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Damien Chazelle: ‘Babylon’ Is a ‘Crazed, Manic’ Vision of a Wild West Hollywood

At TIFF, Chazelle said his silent era epic draws from films like "Nashville" and "La Dolce Vita" to convey a world of "more excess, more drugs, a more extreme kind of living."

Margot Robbie plays Nellie LaRoy in Babylon from Paramount Pictures.

“Babylon”

Paramount Pictures

Alligators, snakes, and a coked-out Margot Robbie: The “Babylon” trailer, which screened for audiences at the Toronto International Film Festival, is about to break the internet. The TIFF audience ate up the trailer — so much so, that Bailey showed it a second time.

In it, you see Robbie in a red dress and wild hair hysterically unraveling amid tableaux of Jazz Age bacchanalia. There’s also a drunken Brad Pitt tap-dancing in his underwear. The sizzle is a propulsive series of images that come at you hard and fast, but one standout is breakout actor Diego Calva, who plays a character called Manny Torres, appears to be the lead.

In a conversation with TIFF CEO Cameron Bailey, director Damien Chazelle said that the super-sized Hollywood epic, set circa 1920s Los Angeles as silent films transitioned to talkies, isn’t finished. He’s in post, readying for a December 25 Paramount release.

These characters, Chazelle reminded the audience, are fictional but take inspiration from recognizable luminaries from the period.

“‘Babylon’ was the biggest cast, the biggest number of roles I’ve ever juggled by far,” he said. “The casting process took a long, long time. It’s a mostly fictional film where the characters are fictional, but inspired by composites of real-life people. Writing them I was getting inspiration from a lot of those real-life sources, but pretty quickly you move to the casting phase and you’re just looking for people to surprise you. That was the guiding principle, to demolish all preconceived notions of that era, those people, and find actors who would convey that spirit.”

Chazelle, who called himself a “disciple of pure cinema,” also name-checked a few influences on the movie, which don’t just include silent-era movies but also the sprawling, great American epics that defined the 1970s. (And “Babylon,” like many of those films, is said to have a three-hour-plus running time.)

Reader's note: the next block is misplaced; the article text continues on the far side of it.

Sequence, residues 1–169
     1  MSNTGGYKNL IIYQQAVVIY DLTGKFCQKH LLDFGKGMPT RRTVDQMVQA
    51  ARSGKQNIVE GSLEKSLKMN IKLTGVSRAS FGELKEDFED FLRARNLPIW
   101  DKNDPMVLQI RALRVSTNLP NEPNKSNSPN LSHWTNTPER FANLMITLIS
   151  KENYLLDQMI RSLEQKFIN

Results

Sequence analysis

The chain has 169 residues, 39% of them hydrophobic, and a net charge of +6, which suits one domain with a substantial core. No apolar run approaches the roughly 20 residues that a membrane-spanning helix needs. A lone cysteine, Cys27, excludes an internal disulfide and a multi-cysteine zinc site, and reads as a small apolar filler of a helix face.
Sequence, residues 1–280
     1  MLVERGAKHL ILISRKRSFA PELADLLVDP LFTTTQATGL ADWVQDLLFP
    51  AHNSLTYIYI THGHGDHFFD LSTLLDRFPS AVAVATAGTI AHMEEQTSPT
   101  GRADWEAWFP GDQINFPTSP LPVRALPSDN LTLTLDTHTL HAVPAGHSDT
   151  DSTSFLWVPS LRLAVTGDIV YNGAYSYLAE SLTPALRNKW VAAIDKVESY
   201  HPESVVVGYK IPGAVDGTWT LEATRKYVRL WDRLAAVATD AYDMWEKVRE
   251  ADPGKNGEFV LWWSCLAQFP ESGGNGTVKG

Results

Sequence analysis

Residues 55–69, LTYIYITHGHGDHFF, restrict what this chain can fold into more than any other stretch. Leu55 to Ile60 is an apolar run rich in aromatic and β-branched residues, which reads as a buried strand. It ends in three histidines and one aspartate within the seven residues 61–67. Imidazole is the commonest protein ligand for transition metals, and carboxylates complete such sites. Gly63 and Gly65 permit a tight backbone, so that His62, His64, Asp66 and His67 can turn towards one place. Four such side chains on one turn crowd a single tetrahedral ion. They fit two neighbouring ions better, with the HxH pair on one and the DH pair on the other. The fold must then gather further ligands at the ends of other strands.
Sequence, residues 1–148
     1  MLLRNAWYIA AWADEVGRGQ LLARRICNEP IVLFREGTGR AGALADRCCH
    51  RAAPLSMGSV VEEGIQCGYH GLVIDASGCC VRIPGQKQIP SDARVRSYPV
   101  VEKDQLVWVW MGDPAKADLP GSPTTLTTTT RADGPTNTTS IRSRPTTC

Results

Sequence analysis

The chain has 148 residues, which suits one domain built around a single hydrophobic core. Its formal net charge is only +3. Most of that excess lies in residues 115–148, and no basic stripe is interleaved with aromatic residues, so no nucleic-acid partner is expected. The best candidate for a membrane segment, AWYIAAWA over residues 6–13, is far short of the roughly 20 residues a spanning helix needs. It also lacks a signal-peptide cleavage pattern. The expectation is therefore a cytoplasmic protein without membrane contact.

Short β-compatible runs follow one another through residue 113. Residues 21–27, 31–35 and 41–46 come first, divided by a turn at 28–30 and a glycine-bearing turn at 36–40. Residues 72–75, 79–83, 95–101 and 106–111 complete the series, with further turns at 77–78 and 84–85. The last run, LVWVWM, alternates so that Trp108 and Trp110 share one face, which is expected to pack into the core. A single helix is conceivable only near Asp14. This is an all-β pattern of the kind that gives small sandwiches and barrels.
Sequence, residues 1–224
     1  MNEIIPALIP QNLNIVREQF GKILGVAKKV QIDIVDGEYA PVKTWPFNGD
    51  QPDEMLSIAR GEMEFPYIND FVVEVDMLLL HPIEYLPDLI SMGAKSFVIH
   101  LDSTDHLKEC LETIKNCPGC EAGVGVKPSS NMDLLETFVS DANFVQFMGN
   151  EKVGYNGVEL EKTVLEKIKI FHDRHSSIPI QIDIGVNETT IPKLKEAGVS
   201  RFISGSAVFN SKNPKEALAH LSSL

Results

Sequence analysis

“The high points of the silent era are some of the high points of cinema, period,” Chazelle said. And one of the tragic ironies of that period is right when the art form was reaching its apogee, the legs got cut off from underneath it by sound and by a whole host of changes, both technological and societal, and industrial.

“That led me to look at movies that captured the idea of whole societies in transition,” he continued. “It was my first time doing a real ensemble, panoramic movie. I was trying to look at novels and movies, like certain Fellini pictures like ‘La Dolce Vita,’ Altman movies like ‘Nashville,’ the ‘Godfather’ pictures. These old-school epics that manage through a handful of characters to convey a sense of an entire society evolving and changing, so that by the end of the movie you’re in a completely different world.”

Chazelle also confirmed what the trailer tells us: This is a wall-to-wall debaucherous movie stuffed to the brim with dissolution and sensuous excess, all shot in widescreen by Oscar-winning “La La Land” cinematographer Linus Sandgren. The cast also includes Tobey Maguire, Olivia Wilde, Samara Weaving, Jean Smart, Max Minghella, Katherine Waterston, and Lukas Haas, among many others, though the trailer really only gave us glimpses of Pitt, Robbie, Calva, and briefly Maguire.

“There was a lot more ‘wild west’ than even in our conception of the Roaring Twenties,” he said. “There was more excess, more drugs, a more kind of extreme living on all ends of the spectrum than people even realize. What fascinates me about this time is that in the weird way it goes part and parcel with the industry that they created.”

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